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Perforation of the esophagus due to thermal injury after laparoscopic radiofrequency ablation for hepatocellular carcinoma: a case for caution
Surgical Case Reports volume 4, Article number: 127 (2018)
Several reported complications associated with radiofrequency ablation for liver tumors are due to thermal damage of neighboring organs. We herein report a first case of esophageal perforation due to thermal injury of laparoscopic radiofrequency ablation (RFA).
A 75-year-old woman was treated repeatedly with RFA (percutaneous and laparoscopic) and transcatheter arterial chemoembolization for hepatocellular carcinoma. One week after laparoscopic RFA for recurrent HCC located in segment 2 of the liver, dysphagia and thoracic pain occurred. Upper gastrointestinal endoscopy revealed a perforated esophageal ulcer at the esophago-gastric junction. Inflammation was localized because of severe intra-abdominal adhesion due to repeat surgery, so we decided to treat the patient conservatively. The perforation of the esophagus gradually scarred, and exacerbation did not occur after restarting oral intake.
When patients with a history of abdominal surgery or intra-abdominal inflammation undergo thermal ablation therapy, caution is required, as there is a possibility of thermal injury of unexpected organs.
The incidence of hepatocellular carcinoma (HCC) is increasing worldwide, making HCC one of the most common malignant tumors [1, 2]. Radiofrequency ablation (RFA) is now widely used to treat HCC, as it is minimally invasive, effective, easily repeated, and relatively safe. Several clinical studies have shown that RFA can achieve an overall survival rate similar to that of surgical resection in patients with small HCC . However, some serious RFA complications, such as a liver abscess, intraperitoneal hemorrhaging, biloma, ground pad burn, diaphragmatic injury, pneumothorax, pleural effusion, bowel perforation, hepatic infarction, renal infarction, and tumor seeding, have been reported . We herein report the first case of esophageal injury due to laparoscopic RFA.
A 75-year-old woman was admitted to our hospital for the treatment of recurrent HCC located in segment 2 of the liver (S2). The patient had been diagnosed with hepatitis B virus-related liver cirrhosis 17 years earlier and with HCC (S2 and S7) 8 years earlier. Since then, RFA (percutaneous [four times] and laparoscopic [two times]) and transcatheter arterial chemoembolization (TACE; seven times) had been performed repeatedly for HCC. During laparoscopic RFA for recurrent S2 HCC, the left lateral lobe of the liver was mobilized. For recurrent HCC located in S2 of the liver, TACE was repeatedly performed; however, the therapeutic response was insufficient, and the patient was referred for further treatment.
Abdominal enhanced computed tomography (CT) showed a 1.5-cm mass in the left lateral lobe of the liver (S2) with arterial phase enhancement followed by washout in the portal phase (Fig. 1a, b). A laboratory analysis provided the following results: serum levels of α-fetoprotein (AFP), 124.9 ng/mL; des-γ-carboxy prothrombin (DCP), 29 mAU/mL; platelet count, 106 × 103/μL; serum aspartate aminotransferase, 39 U/L; alanine aminotransferase, 15 U/L; total bilirubin, 1.2 mg/dL; albumin, 3.6 g/dL; and prothrombin time, 13.6 s. The indocyanine green retention rate at 15 min (ICG-R15) was 30.7%, and the ratio of the 99mTc-galactosyl human serum albumin (GSA) scintigraphy taken up by the liver to that taken up by the liver plus heart at 15 min (LHL 15) was 0.86. The Child-Pugh score was Grade A, and liver damage, as defined by the Liver Cancer Study Group of Japan , was Grade B.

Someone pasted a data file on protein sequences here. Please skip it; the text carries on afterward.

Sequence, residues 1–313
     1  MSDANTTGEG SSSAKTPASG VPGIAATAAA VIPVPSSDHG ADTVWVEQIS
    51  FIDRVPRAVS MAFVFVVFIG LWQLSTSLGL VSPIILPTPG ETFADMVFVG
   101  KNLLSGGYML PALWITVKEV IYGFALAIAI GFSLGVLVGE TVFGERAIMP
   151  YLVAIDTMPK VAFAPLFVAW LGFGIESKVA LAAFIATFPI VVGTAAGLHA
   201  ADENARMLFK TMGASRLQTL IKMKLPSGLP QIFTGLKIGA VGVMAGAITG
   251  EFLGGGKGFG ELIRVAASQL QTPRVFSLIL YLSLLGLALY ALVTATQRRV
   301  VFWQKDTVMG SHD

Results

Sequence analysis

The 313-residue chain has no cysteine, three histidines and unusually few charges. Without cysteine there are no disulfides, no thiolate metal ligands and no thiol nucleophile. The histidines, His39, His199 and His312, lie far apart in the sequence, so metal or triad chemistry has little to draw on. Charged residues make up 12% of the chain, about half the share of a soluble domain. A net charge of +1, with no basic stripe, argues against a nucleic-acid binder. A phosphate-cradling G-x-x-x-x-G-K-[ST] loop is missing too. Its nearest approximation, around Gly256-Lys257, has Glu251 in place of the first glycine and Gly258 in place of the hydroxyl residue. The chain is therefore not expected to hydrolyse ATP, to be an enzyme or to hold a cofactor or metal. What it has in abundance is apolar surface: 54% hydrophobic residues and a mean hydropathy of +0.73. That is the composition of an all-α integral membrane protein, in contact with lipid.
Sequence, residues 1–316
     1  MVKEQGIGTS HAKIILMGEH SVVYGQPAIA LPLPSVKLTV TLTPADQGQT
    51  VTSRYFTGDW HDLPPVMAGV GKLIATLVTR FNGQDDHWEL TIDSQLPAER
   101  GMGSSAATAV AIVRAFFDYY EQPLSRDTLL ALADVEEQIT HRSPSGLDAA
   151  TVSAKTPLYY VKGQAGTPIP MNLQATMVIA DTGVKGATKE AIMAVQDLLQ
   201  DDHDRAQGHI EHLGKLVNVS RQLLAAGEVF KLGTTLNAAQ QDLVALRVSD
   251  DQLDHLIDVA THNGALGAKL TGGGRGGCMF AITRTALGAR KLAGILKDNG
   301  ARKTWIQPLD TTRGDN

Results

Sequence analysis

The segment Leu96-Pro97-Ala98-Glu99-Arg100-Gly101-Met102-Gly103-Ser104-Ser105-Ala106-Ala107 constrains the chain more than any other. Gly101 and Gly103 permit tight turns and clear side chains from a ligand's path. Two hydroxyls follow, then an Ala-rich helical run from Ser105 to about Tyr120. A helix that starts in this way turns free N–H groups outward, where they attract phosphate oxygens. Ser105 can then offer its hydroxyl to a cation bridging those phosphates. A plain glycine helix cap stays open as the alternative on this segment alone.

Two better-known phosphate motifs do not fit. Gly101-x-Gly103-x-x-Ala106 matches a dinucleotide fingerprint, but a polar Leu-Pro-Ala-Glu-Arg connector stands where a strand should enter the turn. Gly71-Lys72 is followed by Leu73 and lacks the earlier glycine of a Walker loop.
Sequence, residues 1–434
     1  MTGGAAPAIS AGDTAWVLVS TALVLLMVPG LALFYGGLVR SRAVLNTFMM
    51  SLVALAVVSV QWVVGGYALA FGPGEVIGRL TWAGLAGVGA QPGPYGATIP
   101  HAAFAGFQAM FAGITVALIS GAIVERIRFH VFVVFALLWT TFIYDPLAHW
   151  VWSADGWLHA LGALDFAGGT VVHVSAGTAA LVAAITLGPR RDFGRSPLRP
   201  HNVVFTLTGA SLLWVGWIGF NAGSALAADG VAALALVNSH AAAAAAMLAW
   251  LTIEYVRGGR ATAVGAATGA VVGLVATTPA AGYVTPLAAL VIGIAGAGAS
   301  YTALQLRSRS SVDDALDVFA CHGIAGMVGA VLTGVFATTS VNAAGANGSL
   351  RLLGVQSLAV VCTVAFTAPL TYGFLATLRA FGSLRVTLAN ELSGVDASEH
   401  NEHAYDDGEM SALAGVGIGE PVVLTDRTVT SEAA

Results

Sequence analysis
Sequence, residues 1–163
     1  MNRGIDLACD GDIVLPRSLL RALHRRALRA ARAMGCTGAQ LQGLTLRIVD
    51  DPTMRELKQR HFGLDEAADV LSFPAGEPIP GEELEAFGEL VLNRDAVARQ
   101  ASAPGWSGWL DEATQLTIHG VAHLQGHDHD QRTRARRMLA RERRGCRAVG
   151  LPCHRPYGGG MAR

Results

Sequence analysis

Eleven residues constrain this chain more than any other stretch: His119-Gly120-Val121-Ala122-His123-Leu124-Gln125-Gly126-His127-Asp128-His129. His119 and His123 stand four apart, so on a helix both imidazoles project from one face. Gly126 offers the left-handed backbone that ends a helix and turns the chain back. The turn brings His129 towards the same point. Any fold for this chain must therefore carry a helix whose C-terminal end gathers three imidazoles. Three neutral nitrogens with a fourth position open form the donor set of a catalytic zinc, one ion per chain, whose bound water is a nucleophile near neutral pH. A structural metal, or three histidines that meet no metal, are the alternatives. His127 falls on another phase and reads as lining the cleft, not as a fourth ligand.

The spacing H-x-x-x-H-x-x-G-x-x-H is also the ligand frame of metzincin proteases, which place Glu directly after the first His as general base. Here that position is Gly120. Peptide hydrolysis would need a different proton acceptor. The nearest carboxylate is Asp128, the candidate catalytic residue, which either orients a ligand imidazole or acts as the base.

Given that the liver function was severely impaired and the patient had already undergone RFA and TACE several times, we decided to perform RFA, not liver resection, for the treatment of this TACE-refractory small HCC. Because the tumor was adjacent to the heart (Fig. 1c), percutaneous RFA was considered to carry a high risk, laparoscopic RFA was selected. The left lateral lobe of the liver had adhered severely to the diaphragm, stomach, and lesser omentum due to mobilization of this portion during a previous session of laparoscopic RFA (Fig. 2a). We peeled away those adhesions and observed the S2 HCC tumor just below the heart (Fig. 2b). To avoid thermal injury of the stomach and heart, we first mobilized the left lateral lobe and made space between the tumor and the heart. We then placed gauze and some water between the stomach and left lateral lobe of the liver to prevent thermal injury of the neighboring organs. After observation of the tumor and liver parenchyma using a laparoscopic ultrasonography (US), we inserted a 2-cm cooled-tip needle (Radionics, Burlington, MA, USA) vertically into the liver to prevent heart injury under visual guidance, as the tumor was detected on the surface of the liver (Fig. 2c, d). After the insertion of the electrode into the lesion, we confirmed the position of the needle by US and started ablation, increasing the power to 60 W and then 100 W. The duration of the ablation (at 100 W) was 8–10 min, and the temperature was closely monitored. During the procedure, there were no major complications.
At 1 week after the treatment, the patient complained of dysphagia and thoracic pain. Upper gastrointestinal endoscopy revealed a perforated esophageal ulcer at the esophago-gastric junction, and the liver could be directly seen through the perforated ulcer (Fig. 3a). Contrast-enhanced CT revealed localized free air between the left lateral lobe of the liver and the esophagus (Fig. 3b). Laboratory data revealed no exacerbation of the inflammatory response, such as via an elevated white blood cell or neutrophilic leukocyte count or C-reactive protein levels. Because inflammation was localized due to the severe intra-abdominal adhesion, we decided to treat the patient conservatively with fasting, administration of proton pump inhibitors and antibiotics, and enteral nutrition via a nasogastric tube. The perforated region of the esophagus gradually scarred over, and exacerbation was not observed after the initiation of oral intake. After discharge from our hospital, the patient complained of difficulty swallowing, and upper gastrointestinal endoscopy revealed esophageal stenosis. Although the patient later required balloon dilatation to treat the esophageal stenosis, the perforation was cured conservatively (Fig. 4), and there has been no evidence of HCC recurrence.